If your old, well-trusted GPU doesn’t handle your 4K footage that well anymore and you are constantly seeing dropped frames when you edit or do any sort of grading, maybe it’s time to consider a new and more powerful replacement. Recently, our friend Dave Dugdale from LearningVideo.com had the chance to test out the new GeForce GTX 980 Ti after swapping his old GTX 680 graphics card.
He conducted a series of tests with the new GPU and the way it handles Red Dragon 5K Raw footage in real-time at full resolution. Dave also did a quick comparison in terms of performance with his old GTX 680 GPU as he reveals the results in the video below.
It seems that the GTX680 wasn’t able to playback smoothly the 5K Raw footage in Premiere Pro CC with some colour correction effects applied on top, mainly due to the limited number of CUDA cores and 4GB of Video RAM it provides in comparison with the GTX980 model that comes with 6GB.
In this particular one minute test, the GPU load goes up to around 90% as there were 350 dropped frames on the Red Epic 5K footage when play backed in Premiere Pro CC.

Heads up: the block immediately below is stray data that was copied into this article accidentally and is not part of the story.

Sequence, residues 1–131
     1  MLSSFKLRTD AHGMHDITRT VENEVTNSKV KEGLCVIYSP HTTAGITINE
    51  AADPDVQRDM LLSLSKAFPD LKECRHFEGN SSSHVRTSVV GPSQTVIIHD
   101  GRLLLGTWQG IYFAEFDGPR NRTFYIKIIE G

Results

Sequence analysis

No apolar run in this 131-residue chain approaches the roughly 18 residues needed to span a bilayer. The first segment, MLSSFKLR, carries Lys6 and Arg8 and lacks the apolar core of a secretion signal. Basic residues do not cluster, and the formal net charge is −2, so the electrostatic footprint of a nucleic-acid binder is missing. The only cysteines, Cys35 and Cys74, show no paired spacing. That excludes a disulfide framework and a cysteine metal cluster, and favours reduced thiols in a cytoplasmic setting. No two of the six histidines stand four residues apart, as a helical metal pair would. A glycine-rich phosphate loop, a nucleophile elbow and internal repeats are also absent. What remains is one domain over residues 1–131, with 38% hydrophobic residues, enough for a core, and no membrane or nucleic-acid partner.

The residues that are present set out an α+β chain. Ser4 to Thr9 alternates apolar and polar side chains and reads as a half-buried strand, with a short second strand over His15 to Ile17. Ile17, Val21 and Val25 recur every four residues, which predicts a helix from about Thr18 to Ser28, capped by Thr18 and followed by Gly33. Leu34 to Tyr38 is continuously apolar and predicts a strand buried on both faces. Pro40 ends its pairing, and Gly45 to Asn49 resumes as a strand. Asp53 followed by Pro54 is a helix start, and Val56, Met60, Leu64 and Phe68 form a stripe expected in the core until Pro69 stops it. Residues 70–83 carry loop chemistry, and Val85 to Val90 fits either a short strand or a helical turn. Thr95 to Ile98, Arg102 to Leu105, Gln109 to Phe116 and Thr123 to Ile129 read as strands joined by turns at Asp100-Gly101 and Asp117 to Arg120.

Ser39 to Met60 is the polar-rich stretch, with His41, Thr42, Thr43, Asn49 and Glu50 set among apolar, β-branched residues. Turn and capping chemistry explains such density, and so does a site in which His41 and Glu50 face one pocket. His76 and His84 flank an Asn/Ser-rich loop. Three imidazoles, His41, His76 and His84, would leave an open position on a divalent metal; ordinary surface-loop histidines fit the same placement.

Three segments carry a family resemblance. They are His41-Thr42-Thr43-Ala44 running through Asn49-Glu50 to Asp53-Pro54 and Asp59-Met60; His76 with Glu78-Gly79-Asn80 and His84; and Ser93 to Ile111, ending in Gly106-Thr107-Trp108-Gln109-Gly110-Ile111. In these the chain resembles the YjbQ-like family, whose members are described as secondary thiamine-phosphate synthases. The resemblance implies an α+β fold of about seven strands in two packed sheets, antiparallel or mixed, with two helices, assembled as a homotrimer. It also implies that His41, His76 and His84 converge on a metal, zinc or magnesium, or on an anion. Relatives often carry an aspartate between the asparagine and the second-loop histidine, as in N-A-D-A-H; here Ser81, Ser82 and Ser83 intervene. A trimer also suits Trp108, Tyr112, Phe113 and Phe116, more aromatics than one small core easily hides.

Unsurprisingly, when Dave did the same test, but this time with the GTX980 Ti, the GPU load was around 60% and there weren’t any dropped frames at all during the playback. The memory usage of the GTX was around 2GB which was far better considering the fact that the GX980 Ti comes with 6GB of RAM.
Yet, Dave points out that if you are mixing multiple files and codecs on the same timeline you might stumble upon dropped frames occasionally, especially if you are using effects or filters that are not CUDA-enabled, mainly due to the CPU overloading.
Lastly, Dave tested the render times of both cards where the GTX980Ti managed to cope with the 5K Raw footage and rendered it for 1:32 where the GTX680 completed the same system-intensive task in 2.32.
All in all, it’s safe to say that the other hardware components of your configuration are even more important, and if you really want to get the optimal results you really need to build a balanced system, thus avoiding potential bottlenecks that might influence negatively the overall performance of your system.
If you are interested, you can find the full list of hardware components of Dave’s custom build “Monster” workstation here.